How to live through remission without being afraid all the time?

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Gerig04
Gerig04 Member Posts: 1 *
edited December 2023 in Ovarian Cancer #1

Hi I am not to sure how to start this of but I guess here goes nothing. First off I am 25 currently and was 21 when I was diagnosed with ovarian cancer on my right ovary. They found a 25 pound tumor in my abdomen attached to the ovary. I am currently in remission but I do carry a gene mutation for being predisposed to breast and ovarian cancer. It is always lingering in the back of my mind everyday that it could come back and be much worse. An if I am being honest it makes it difficult to go out and enjoy doing things. I don't know if it sounds selfish or overthinking to much. I guess I am just wondering how do you live life in remission without so much worry?

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  • NoTimeForCancer
    NoTimeForCancer Member Posts: 3,454 Member
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    Gerig04 - I think you started the topic off fine! You are not being selfish at all. It makes complete sense that you carry these thoughts with you. I think if you find someone to talk to who can help you navigate the journey they call 'survivorship' it might help, but I will tell you this (as a visitor from the Uterine page) the longer the time the easier it gets. I didn't say you forget it, it always will pop up every now and then, but the further you get away from it helps.

    Again, please find someone to talk to. You deserve to enjoy your life dear one.

  • carolinekv
    carolinekv Member Posts: 1 Member
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    Hi Gerig04- I can relate to you a lot. I was diagnosed with ovarian cancer at the age of 22 and had a pretty big tumor in me as well, mine was about 20cm big. I had my left ovary removed and after that was in the clear but I am still always so scared for every check up appointment or blood work done because I don't want it to come back. After going through something like that it makes sense to worry about it and not being able to do things you enjoy. I am 23 now and still am struggling with the constant worry as well but something that does help me is knowing that now my doctors know what is going on with me and if anything else does occur again they'll catch it way sooner and it won't be as bad as the first time. Obviously easier said than done, but it gives me some peace sometimes.

  • Arleenkg1
    Arleenkg1 Member Posts: 1 Member
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    I am new at this site. I got on to find out how to better care for my niece. She’s 36, stage 2 ovarian/just started chemo treatments. She had been in the hospital 21 days. During that time she had her male companion by her side and she wasn’t telling me truly, what she was going through treatment wise, her plans for care after her release etc. I don’t want him at my home for many valid reasons. She’s home now and I need guidance on how to care for her.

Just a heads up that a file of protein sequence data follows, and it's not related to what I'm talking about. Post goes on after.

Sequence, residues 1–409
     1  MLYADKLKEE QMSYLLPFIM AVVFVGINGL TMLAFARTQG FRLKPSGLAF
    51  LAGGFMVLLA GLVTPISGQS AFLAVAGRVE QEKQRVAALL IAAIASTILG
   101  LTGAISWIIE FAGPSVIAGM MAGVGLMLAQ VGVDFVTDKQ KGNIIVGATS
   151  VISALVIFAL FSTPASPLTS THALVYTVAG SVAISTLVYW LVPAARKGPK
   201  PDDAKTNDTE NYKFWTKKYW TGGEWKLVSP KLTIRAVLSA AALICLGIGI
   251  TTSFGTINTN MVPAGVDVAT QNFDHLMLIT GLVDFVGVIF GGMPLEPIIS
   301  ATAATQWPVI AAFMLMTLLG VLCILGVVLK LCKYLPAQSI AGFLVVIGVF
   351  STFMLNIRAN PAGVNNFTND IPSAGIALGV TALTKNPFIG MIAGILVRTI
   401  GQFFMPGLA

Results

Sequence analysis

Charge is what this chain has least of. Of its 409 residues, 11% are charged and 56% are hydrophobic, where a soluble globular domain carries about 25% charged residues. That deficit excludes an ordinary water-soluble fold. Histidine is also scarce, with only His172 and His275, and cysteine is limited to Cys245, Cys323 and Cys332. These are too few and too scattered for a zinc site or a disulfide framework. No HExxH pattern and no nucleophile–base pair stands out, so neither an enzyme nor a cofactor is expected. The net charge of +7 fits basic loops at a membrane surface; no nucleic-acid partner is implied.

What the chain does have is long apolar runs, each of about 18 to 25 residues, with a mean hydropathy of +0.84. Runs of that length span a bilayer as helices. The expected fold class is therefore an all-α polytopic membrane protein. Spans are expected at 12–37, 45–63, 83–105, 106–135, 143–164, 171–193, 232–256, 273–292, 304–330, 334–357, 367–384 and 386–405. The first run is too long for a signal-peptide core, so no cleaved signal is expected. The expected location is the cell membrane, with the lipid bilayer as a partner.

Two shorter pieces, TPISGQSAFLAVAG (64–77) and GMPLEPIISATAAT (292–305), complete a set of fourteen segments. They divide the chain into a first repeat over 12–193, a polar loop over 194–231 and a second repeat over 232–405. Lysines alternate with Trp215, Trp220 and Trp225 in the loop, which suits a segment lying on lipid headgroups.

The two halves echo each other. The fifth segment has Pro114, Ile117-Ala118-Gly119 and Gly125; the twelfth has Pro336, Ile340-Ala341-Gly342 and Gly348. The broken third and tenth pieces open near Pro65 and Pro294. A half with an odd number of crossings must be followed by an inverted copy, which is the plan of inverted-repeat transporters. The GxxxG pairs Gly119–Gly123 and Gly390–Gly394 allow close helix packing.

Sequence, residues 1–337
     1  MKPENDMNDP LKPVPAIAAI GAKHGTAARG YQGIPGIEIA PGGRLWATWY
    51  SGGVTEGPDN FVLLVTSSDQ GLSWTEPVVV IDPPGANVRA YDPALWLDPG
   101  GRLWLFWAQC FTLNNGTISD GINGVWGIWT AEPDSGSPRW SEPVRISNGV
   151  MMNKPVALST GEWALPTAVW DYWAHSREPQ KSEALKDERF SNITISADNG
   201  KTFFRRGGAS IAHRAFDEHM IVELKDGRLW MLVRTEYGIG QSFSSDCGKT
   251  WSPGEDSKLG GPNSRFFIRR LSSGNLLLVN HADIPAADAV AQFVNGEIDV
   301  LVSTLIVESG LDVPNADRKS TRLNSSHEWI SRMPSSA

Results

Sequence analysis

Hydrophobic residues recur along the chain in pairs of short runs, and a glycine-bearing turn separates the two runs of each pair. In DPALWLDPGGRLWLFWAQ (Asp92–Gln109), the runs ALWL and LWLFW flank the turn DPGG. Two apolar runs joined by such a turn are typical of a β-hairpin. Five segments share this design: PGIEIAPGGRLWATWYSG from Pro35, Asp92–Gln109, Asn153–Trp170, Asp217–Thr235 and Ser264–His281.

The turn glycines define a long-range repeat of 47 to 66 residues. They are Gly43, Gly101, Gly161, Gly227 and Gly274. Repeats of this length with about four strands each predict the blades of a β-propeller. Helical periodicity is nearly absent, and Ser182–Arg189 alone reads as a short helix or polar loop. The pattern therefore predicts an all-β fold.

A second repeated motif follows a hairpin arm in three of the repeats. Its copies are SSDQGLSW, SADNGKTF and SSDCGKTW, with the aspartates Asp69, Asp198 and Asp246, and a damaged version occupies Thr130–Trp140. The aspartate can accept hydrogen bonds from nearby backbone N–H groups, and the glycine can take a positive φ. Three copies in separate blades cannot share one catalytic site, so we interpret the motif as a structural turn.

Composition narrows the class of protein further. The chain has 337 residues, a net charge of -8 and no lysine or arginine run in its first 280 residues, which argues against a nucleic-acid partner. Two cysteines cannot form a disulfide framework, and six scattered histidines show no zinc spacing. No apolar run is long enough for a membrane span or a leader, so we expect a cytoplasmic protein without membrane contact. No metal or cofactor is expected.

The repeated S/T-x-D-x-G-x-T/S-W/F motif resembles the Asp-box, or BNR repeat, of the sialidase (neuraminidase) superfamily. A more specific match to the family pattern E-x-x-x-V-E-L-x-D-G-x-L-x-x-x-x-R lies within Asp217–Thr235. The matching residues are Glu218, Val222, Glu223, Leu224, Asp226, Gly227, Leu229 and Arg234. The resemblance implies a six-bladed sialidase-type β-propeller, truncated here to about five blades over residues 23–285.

does anyone know of a direct phone line I can call to get info. I want to do the best for her .

  • NoTimeForCancer
    NoTimeForCancer Member Posts: 3,454 Member
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    Arleenkg1, please don't take this the wrong way but is she wanting your help? It isn't clear if she is in your home, and I wouldn't want just anyone in my home either, so if she needs your help you may need to tell her that this is not something you have dealt with and will need some guidance. What was she told? Can she call the office for a nurse who she can than give you the phone? Not knowing what she had done during those 21 days in the hospital, which is a very long time.

  • rdubins
    rdubins Member Posts: 14 Member
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    Gerig04 - Oh no, no. You're not being selfish at all - I understand 1000 percent. Anyone who has gone through what you have knows that all of us cancer gals live with ambiguity. Now--- one could say that even people without cancer live with ambiguity, it's just not as "in your face" as what we deal with. I try to remind myself of that. Nothing is guaranteed - nothing. So the best you can do - the most you can do (and this is ALOT!) is to go at this thing with both barrels. Do whatever it takes, get whatever treatments are offered... treat your body well, eat well, get your exercise and live as though it's not coming back. Very easy to say... not so easy to do. But keep coming back here for assurances. We're with you

  • marilyng6789314
    marilyng6789314 Member Posts: 27 Member
    edited December 2023 #7
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    Arleenkg1, It depends on the treatment center, but many have a nurse navigator that will help you with this. Also, if the cancer treatment center is associated with a hospital, then you can register for their version of "my chart" and, if your neice approves, allow you to access her records.

    In Florida we have "Gilda's Club" for patients and caregivers, search and see if there is one or something similar in your area.

    Gerig04, I do understand your concern. Just stay on top of things, exercise, get fresh air, stay up to date on your blood work and, usually, your team will schedule you for periodic check ups.

    God Bless and watch over you both.